The “Doctor Who” production team, having completed filming on the second Christmas special, “The Runaway Bride”, originally scheduled to be the second episode of the second season, is now busy recording material for season three. David Tennant and Freema Agyeman, as new companion Martha Jones, are on location in Coventry, doubling as Tudor London, for an episode in which they meet Shakespeare. I’m all for promoting the heritage of a once Great Britain but why does the Time Lord have to meet another author quite so soon after meeting Dickens? Yes I know there’s a difference in that dear old Bill was a playwright, whom the Doctor has already met incidentally, and Charlie boy a novelist but couldn’t RTD have gone a bit further afield and chosen a scientist or a musician?
I would find it interesting, for example, if the Doctor were to encounter Wolfgang Amadeus Mozart. Bringing him forward in time, to the present day, the Austrian might ponder over the evolution of the composition of his age into the modern music written by luminaries such as Hungarian born Gyorgy Ligeti, and you’ve probably all heard his scores in the Stanley Kubrick films “2001: A Space Odyssey” and “The Shining”, or the relatively-recently deceased Polish composer Witold Lutoslawski. Or Sir Peter Maxwell Davies if you want someone closer to home. Too intellectual for BBC1! If it happened we’d no doubt be treated to Mozza’s thoughts on Robbie or Britney!! Now, Beethoven and John Lydon would probably get along!!!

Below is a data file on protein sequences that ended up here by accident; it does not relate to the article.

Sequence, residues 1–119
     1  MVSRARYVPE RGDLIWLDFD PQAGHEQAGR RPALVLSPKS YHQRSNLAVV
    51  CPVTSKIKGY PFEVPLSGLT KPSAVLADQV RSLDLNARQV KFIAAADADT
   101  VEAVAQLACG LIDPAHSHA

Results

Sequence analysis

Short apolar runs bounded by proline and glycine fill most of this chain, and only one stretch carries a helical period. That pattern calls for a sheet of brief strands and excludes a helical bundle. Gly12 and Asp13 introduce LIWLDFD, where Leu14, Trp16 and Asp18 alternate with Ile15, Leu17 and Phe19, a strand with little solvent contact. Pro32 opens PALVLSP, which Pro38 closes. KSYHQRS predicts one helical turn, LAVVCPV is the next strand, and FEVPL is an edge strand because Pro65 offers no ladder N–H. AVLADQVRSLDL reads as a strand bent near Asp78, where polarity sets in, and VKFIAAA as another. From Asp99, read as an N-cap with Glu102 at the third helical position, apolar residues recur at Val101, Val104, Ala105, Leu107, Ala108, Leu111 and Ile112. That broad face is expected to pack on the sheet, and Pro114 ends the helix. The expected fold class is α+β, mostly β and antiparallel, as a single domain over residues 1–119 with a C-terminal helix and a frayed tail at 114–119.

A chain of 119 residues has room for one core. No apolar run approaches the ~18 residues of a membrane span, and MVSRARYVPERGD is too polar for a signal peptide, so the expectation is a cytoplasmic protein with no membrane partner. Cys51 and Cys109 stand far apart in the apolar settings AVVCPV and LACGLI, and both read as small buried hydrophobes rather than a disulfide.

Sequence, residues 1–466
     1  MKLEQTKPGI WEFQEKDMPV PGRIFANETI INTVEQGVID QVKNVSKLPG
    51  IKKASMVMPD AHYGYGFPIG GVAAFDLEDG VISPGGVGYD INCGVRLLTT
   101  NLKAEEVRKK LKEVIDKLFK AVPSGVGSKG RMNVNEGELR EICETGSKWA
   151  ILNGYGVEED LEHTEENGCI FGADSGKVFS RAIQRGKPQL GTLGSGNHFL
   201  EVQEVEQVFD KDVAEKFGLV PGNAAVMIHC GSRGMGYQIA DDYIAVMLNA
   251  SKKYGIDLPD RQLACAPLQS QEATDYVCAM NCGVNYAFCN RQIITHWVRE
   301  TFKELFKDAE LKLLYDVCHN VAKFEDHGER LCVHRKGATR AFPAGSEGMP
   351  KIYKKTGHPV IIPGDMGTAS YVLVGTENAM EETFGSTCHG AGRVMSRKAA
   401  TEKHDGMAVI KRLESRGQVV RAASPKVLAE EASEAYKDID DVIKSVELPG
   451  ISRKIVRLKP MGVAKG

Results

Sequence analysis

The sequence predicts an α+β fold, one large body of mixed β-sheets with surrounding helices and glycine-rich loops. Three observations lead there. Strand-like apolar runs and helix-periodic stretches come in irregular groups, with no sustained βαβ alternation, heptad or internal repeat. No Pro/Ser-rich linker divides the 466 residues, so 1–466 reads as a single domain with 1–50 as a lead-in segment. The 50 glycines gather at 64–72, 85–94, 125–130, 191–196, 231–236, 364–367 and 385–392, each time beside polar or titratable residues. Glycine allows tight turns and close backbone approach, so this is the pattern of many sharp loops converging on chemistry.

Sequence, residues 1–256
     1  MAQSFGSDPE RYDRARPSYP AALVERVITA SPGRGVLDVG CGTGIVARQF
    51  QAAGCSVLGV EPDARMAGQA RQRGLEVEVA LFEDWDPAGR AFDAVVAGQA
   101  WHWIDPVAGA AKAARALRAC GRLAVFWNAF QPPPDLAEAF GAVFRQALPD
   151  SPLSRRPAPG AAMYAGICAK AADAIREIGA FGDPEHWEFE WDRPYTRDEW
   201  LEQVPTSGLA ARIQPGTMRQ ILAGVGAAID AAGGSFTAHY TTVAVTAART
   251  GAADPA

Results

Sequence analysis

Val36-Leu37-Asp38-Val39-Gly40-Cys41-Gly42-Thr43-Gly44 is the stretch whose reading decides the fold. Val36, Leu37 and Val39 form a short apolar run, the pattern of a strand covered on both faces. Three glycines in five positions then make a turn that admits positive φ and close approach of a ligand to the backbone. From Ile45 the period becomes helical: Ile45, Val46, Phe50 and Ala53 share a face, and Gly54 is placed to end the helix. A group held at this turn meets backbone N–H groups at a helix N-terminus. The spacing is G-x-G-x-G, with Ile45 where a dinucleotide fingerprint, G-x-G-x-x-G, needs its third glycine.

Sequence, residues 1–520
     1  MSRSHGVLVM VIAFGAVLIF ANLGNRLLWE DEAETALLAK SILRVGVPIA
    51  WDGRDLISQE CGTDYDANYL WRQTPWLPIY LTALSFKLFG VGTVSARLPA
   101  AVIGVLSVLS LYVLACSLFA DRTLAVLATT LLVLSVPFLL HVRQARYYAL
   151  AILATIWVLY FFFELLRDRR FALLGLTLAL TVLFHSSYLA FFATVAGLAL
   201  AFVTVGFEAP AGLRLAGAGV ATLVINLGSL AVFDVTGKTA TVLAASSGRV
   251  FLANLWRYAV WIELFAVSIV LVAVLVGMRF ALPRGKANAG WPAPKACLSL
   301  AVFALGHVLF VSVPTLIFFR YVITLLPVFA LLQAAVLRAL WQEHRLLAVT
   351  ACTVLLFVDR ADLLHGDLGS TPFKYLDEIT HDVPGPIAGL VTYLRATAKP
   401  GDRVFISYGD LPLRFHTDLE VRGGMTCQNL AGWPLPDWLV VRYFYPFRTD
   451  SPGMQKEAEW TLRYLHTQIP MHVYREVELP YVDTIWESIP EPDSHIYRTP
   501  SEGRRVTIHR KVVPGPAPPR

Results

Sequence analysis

Knowing the Doctor’s predilection for meeting famous figures, surely the ultimate storyline would be if the Doctor were to “rescue” Jesus from the kiss of Judas in the Garden of Gethsemane. The TARDIS could again bring him forward in time to meet Richard Dawkins, for a bit of a chat, on one of Melvyn Bragg’s Sunday night religious discussion programmes! Too controversial for BBC1!! Actually, I’ve had the first part of that scenario in mind since I was a boy. I even started to write it at one stage…
The point I’m making is that there doesn’t seem to be much imagination coming out of BBC Wales for the third series. “Doctor Who” is an adventure so get adventurous! It all sounds as though RTD is resting on his laurels and content to dish up more of the same. Maybe “Doctor Who” has always been thus and I’m finally growing out of it. And yet, many older stories still excite me. Maybe, and in my bones I know this is a big maybe, but maybe Russell will surprise his doubters and come up with a terrific script involving England’s greatest writer. And even if the Bard himself might enjoy them, that means absolutely no infantile fart gags because they quite simply stink! What it does mean is more dialogue like Jefferson’s extremely moving monologue after the death of Scooti, in “The Impossible Planet”, or subtle touches like those remembered by acting-Captain Zack as “deceased with honour”, before our favourite science fiction programme dies in dishonour.